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Image via Wikimedia Commons.

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For years policy makers believed that minorities were overrepresented in special education and that there was inherent bias in the way kids were being identified as disabled. A new study turns this idea on its head.

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American RadioWorks |
Image via Wikimedia Commons.

Minorities and Special Ed

For years policy makers believed that minorities were overrepresented in special education and that there was inherent bias in the way kids were being identified as disabled. A new study turns this idea on its head.

Recent Posts

  • 06.23.15

    Learning from Video Games

    A lot of parents worry about whether their kids' video game habits are harmful - especially when gaming gets in the way of homework or reading. But writer Greg Toppo says gaming can be a great way to learn.
  • 06.17.15

    Teaching the Birds and the Bees

    For more than a century, Americans have been arguing about how to teach children about the birds and the bees in public schools. A new book argues that for all the fuss about sex education in America, students get precious little of it.
  • 06.11.15

    What can Japan teach us about teaching?

    Coming up this fall we'll be releasing a documentary about teacher preparation - how people learn to become teachers and how they get better once they're in the classroom. This week: how do Japanese teachers learn to improve on the job?
  • 06.02.15

    Million-Dollar Teacher

    When Nancie Atwell was growing up, she never thought she’d go to college, let alone become an award-winning teacher. But a few months ago, Atwell received a $1-million-dollar global prize for her decades of teaching English and literacy skills to elementary and middle schoolers.

Back to The Data

Office of

Edward Royce


Total cost of 42 office trips: $58,143.11


Trips by Edward Royce
Total cost of congressperson's 5 trips: $4,940.15

Destination: SAN FRANCISCO, CALIFORNIA
Sponsor: NATIONAL INSURANCE LEADERSHIP SYMPOSIUM
Purpose: KEYNOTE SPEECH
Date: Mar 4, 2001 (1 day)
Expense: $638.84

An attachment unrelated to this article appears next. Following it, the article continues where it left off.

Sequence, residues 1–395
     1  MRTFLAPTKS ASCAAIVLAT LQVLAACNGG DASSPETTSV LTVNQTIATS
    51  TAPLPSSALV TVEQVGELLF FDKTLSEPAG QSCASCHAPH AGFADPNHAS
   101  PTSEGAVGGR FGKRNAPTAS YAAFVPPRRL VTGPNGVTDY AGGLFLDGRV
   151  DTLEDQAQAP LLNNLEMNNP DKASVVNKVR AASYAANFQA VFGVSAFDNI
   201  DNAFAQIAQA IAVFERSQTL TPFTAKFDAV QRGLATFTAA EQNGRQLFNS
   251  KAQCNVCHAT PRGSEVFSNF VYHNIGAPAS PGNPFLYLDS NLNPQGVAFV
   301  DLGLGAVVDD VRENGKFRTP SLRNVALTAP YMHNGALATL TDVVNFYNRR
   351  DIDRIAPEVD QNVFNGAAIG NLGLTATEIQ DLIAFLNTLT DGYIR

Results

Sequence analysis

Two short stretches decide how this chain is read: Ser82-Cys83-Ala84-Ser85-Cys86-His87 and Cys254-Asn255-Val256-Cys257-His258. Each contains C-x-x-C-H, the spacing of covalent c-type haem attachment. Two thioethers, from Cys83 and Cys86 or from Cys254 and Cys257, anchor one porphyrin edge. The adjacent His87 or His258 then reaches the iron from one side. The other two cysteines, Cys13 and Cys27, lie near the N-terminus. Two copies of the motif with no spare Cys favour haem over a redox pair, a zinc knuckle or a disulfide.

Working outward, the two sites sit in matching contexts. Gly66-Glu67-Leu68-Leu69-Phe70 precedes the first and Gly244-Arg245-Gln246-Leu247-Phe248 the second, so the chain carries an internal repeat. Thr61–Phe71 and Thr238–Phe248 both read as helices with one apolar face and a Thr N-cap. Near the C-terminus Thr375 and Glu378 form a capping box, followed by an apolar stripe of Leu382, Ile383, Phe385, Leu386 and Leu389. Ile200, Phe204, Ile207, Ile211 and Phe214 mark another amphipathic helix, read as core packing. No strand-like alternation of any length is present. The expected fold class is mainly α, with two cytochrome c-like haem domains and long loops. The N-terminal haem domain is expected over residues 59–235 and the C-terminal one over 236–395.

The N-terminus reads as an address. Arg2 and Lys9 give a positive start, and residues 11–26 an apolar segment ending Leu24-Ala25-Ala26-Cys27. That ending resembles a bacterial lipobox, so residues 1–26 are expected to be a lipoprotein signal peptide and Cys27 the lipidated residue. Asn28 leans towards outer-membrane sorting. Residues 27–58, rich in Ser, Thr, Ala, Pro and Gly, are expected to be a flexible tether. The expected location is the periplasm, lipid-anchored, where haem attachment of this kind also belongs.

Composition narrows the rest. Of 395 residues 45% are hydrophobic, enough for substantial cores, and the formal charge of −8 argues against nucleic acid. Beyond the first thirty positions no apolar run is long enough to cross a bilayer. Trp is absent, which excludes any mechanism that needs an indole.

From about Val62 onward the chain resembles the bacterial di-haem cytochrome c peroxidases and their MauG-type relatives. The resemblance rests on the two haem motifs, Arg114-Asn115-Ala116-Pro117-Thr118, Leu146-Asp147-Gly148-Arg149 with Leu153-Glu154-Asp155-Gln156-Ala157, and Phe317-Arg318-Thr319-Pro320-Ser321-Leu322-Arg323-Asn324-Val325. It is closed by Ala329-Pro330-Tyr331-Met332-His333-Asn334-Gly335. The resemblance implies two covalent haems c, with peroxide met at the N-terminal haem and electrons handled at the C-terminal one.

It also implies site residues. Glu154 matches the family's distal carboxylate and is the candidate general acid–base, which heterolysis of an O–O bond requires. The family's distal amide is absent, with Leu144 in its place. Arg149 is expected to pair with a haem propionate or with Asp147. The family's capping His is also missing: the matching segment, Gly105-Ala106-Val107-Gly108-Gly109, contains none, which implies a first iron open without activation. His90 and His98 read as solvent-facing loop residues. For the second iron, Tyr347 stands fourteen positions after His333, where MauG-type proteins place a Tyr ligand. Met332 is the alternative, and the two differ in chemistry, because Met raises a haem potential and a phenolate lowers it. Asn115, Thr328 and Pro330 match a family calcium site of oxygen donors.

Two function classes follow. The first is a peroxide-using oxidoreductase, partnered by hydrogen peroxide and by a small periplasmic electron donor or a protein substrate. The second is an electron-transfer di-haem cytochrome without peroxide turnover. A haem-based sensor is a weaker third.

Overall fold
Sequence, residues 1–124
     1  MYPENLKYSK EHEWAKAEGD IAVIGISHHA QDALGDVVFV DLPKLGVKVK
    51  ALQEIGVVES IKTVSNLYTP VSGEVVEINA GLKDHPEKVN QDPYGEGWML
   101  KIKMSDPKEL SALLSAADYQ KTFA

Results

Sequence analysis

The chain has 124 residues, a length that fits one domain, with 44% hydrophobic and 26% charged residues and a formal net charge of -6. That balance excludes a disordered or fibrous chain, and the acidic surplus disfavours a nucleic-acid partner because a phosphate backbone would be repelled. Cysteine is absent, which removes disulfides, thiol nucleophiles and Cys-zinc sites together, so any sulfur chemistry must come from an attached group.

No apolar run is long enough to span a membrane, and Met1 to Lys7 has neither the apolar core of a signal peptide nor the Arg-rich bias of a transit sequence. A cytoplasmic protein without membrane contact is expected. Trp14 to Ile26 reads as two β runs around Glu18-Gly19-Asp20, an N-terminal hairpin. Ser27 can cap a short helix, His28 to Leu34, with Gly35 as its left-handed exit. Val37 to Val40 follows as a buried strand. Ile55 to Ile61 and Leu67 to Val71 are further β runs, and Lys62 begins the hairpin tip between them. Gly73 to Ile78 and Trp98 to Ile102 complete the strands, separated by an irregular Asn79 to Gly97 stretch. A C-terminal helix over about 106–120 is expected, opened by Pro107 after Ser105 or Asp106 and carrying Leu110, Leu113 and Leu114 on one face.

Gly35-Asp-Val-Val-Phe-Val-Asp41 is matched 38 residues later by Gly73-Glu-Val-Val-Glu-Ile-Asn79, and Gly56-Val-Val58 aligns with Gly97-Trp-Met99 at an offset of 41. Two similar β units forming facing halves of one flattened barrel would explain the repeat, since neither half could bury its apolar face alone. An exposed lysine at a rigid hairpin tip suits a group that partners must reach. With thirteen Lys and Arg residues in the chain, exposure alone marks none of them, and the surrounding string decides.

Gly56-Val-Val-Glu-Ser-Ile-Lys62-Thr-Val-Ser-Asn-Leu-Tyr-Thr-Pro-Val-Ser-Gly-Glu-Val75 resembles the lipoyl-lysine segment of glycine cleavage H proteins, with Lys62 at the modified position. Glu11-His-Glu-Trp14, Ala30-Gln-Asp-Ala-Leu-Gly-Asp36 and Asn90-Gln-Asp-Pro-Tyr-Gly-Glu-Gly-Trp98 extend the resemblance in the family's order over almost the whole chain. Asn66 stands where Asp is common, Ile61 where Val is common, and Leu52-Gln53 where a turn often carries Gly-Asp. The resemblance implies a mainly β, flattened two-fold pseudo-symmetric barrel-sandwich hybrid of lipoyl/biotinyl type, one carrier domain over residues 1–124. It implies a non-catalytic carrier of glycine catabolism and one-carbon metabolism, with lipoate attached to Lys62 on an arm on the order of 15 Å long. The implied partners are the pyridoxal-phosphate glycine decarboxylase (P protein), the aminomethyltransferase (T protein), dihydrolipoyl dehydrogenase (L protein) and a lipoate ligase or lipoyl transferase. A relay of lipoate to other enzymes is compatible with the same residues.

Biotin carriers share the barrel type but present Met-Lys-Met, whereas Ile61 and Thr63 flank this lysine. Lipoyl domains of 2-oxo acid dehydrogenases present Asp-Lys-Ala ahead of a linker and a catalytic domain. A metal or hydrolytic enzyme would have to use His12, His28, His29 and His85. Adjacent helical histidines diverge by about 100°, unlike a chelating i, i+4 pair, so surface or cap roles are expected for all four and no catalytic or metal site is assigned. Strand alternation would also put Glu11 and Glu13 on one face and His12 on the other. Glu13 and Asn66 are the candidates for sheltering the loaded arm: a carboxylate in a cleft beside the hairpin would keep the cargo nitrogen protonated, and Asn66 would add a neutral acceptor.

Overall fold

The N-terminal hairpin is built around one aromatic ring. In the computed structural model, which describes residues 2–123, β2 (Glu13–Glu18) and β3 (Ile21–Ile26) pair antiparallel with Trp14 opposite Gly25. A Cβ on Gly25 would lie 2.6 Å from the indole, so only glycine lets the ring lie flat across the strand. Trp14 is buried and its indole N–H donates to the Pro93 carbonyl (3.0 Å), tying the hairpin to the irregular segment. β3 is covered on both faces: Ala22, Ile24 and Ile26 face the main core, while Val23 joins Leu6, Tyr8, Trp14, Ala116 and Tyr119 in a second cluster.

source

Destination: PALM SPRINGS, CA
Sponsor: Public Governance Institute
Purpose: CALIFORNIA CONGRESSIONAL DELEGATION RETREAT
Date: Dec 5, 2003 (2 days)
Expense: $1,303.57
source

Destination: NEW YORK, NEW YORK
Sponsor: NASDAQ
Purpose: TO LEARN ABOUT MARKET STRUCTURE ISSUES
Date: Mar 29, 2004
Expense: $287.14
source

Destination: NEW YORK, NY
Sponsor: New York Stock Exchange
Purpose: TO LEARN ABOUT MARKET STRUCTURE ISSUES
Date: Jul 18, 2004 (1 day)
Expense: $918.40
source

Destination: WASHINGTON D.C. TO BOCA RATON, FLORIDA
Sponsor: Center for The Study of Popular Culture
Purpose: SPEAKING ENGAGEMENT
Date: Nov 11, 2004 (3 days)
Expense: $1,792.20
source


Congressional staff traveling under the office of Edward Royce

Edward Burrier
Malik Chaka
William Cooper
Joan Korich
Michelle Lo
Jeremiah Norton
Amy Porter
Joshua Saltzman
Thomas Sheehy
Julianne Smith
Bryan Wilkes



American RadioWorks |
Image via Wikimedia Commons.

Minorities and Special Ed

For years policy makers believed that minorities were overrepresented in special education and that there was inherent bias in the way kids were being identified as disabled. A new study turns this idea on its head.

Recent Posts

  • 06.23.15

    Learning from Video Games

    A lot of parents worry about whether their kids' video game habits are harmful - especially when gaming gets in the way of homework or reading. But writer Greg Toppo says gaming can be a great way to learn.
  • 06.17.15

    Teaching the Birds and the Bees

    For more than a century, Americans have been arguing about how to teach children about the birds and the bees in public schools. A new book argues that for all the fuss about sex education in America, students get precious little of it.
  • 06.11.15

    What can Japan teach us about teaching?

    Coming up this fall we'll be releasing a documentary about teacher preparation - how people learn to become teachers and how they get better once they're in the classroom. This week: how do Japanese teachers learn to improve on the job?
  • 06.02.15

    Million-Dollar Teacher

    When Nancie Atwell was growing up, she never thought she’d go to college, let alone become an award-winning teacher. But a few months ago, Atwell received a $1-million-dollar global prize for her decades of teaching English and literacy skills to elementary and middle schoolers.